The last time Chicago audiences saw Nathan Lane on stage, he was singing and dancing with a chorus of once-dead “Addams Family” ancestors. Now, at Chi’s Goodman Theater, he’s admirably and ably stretching his tragic chops, playing pipe-dream-destroying salesman Hickey in Eugene O’Neill’s mammoth 1939 play “The Iceman Cometh.” No singing and dancing, but he’s still hanging out with the undead: In Robert Falls’ rewarding, frequently volcanic production, the down-and-out denizens of Harry Hope’s bar/boarding house, referred to by Brian Dennehy’s nihilistic philosopher Larry Slade as the “End of the Line Cafe,” look and often behave like zombies.
The beginning of the show is startling. The lights come up dimly, only gradually revealing the full room filled with snoring drunks dressed in colorless, drab rags. This vast array of the sitting dead stir individually to announce themselves and plead for drinks.
Lane’s Hickey, wearing a shiny black pinstripe suit and a well-manicured moustache, is more than a pick-me-up when he enters toward the end of the first act. He comes from a different world; he is life itself intruding on a tomb.
Lane is as talented as the play is long, and at four hours and 40 minutes, that’s saying something. He brings out qualities in Hickey that perhaps no actor could highlight as effectively, particularly the salesmanship and the buoyant presence that makes folks pine for his presence.
When Hickey insists on “helping” the others to “become truly free” by confronting their self-delusions about all they’ll do “tomorrow,” we can feel the characters being repelled as if his magnetism had taken on a negative charge. The force is so extreme that at times it becomes very effective black comedy.
There are moments, despite Lane’s extraordinary skill, when the actor’s relationship to the character feels strained. It’s never truly believable his Hickey would fit among this rough, salty crew. But the trade-off yields the rewarding opportunity to watch an extraordinary actor stretch into an iconic role, with flashes of brilliance.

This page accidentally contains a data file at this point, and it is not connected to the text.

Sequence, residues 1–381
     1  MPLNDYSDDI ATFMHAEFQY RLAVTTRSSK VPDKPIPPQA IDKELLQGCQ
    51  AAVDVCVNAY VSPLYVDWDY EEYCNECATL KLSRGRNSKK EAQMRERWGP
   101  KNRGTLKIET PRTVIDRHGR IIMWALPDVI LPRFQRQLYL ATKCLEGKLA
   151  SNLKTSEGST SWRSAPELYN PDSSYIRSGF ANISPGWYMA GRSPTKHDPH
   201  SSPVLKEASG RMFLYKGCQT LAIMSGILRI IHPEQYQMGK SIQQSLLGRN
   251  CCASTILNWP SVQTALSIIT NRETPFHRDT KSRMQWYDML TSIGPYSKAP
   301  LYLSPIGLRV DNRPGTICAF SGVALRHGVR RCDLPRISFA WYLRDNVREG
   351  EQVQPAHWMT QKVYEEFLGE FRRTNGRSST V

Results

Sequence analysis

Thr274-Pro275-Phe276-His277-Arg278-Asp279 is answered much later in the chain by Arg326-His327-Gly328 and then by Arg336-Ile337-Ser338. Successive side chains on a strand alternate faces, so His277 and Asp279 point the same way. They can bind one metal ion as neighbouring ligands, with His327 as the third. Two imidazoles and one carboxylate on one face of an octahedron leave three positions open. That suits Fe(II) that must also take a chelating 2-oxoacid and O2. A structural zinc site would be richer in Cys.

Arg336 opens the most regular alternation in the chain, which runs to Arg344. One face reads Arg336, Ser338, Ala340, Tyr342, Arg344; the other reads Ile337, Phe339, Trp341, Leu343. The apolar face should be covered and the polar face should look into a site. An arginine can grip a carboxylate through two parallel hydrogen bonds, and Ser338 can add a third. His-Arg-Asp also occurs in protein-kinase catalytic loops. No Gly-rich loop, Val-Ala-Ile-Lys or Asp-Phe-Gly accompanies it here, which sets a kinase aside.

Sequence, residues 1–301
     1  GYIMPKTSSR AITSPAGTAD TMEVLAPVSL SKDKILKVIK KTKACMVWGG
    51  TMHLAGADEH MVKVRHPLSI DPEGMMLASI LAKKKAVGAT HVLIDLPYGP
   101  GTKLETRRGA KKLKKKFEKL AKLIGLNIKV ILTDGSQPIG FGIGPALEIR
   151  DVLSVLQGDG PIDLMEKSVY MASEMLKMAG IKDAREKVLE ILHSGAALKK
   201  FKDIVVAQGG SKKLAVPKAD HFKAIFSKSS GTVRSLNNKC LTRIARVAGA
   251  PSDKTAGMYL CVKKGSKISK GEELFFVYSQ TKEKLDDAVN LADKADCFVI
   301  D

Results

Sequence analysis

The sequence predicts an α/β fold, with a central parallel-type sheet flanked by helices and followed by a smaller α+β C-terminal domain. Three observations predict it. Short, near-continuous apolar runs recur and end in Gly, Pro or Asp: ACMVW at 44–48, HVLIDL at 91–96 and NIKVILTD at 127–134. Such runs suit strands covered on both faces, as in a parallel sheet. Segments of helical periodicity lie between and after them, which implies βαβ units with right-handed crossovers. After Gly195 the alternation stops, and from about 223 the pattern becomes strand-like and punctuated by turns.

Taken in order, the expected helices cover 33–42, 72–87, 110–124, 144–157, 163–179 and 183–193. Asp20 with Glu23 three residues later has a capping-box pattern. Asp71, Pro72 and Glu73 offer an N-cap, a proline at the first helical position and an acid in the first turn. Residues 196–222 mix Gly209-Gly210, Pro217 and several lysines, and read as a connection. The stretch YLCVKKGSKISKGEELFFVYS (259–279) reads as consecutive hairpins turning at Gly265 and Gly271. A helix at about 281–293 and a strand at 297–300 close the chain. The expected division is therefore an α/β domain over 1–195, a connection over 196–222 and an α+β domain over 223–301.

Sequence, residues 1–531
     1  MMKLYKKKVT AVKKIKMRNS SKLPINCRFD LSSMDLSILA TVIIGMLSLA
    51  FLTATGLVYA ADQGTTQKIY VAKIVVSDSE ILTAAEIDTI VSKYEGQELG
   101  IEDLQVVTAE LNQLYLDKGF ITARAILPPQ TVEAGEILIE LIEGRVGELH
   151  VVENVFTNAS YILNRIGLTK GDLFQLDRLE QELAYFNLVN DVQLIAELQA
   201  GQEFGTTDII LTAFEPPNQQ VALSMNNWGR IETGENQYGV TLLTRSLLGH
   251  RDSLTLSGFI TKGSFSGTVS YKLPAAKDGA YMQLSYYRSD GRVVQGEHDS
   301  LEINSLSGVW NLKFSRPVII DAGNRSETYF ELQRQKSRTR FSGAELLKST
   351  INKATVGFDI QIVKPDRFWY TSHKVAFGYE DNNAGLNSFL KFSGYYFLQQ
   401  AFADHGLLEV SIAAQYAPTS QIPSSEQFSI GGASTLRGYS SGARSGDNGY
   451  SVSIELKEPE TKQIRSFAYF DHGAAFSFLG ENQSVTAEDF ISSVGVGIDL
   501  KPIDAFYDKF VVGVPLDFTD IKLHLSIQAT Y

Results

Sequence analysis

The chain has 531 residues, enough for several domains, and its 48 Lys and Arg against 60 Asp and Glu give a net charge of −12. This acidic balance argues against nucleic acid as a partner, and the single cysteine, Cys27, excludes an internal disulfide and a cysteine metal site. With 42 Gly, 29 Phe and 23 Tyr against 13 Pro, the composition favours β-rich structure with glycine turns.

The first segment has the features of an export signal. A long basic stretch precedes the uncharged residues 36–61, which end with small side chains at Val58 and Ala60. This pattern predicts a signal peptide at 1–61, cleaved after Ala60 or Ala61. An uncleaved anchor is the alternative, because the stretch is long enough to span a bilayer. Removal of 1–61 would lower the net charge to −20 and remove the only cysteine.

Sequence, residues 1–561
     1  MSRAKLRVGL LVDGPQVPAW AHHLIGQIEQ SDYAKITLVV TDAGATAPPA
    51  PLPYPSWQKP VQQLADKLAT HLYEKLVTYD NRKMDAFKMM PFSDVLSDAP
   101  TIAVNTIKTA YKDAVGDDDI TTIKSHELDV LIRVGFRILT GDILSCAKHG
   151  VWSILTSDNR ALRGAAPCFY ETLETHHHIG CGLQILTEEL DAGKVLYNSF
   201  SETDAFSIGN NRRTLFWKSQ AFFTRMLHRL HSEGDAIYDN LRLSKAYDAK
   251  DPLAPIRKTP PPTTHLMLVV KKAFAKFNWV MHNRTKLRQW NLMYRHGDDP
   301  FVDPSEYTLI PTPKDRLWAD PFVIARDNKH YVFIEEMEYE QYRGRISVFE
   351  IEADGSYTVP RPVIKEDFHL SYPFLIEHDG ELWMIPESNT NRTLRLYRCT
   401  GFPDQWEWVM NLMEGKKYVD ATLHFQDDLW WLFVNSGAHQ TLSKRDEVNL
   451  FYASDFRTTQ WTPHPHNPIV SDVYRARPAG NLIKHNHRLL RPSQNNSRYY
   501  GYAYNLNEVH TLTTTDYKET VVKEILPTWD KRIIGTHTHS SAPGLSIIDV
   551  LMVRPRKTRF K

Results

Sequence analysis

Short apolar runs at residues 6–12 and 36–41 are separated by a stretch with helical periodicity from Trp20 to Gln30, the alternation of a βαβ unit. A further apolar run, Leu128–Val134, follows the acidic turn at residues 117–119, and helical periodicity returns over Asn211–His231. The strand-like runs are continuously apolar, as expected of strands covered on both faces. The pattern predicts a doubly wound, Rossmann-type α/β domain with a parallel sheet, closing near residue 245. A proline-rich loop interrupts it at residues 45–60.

In this enormous ensemble, a few supporting perfs stand out. Dennehy, with bushy white eyebrows and stylized makeup that give him deeply sunken eyes and a deathly pale pallor, is quietly intense as the tortured Larry Slade, who spends most of his time blankly staring forward, trying hard not to feel anything.
As the African-American former casino owner Joe Mott, John Douglas Thompson finds all the layers of pride, resentment and defeat, and delivers, surprisingly, the show’s single most stirring speech. James Harms, as Jimmy Tomorrow, has such a deep touch of kindness to him that he’s instantly likable and thoroughly poignant.
And then there’s Stephen Ouimette as Harry Hope. For much of the show, he alternates convincingly between insisting on back payment in a spitting fury and expressing apologies for doing so. When he tries and fails to confront his fears of going outside, it almost seems he has formed another set of circles under his eyes. It’s the most moving performance overall.
The final act belongs to Lane. Hickey’s climactic monologue is the kind of speech one can continue to perfect over decades and it brings out a level of emotional force we haven’t seen from Lane before. If he’s not usually the type of actor who turns a character’s soul inside out, he’s got a good start here.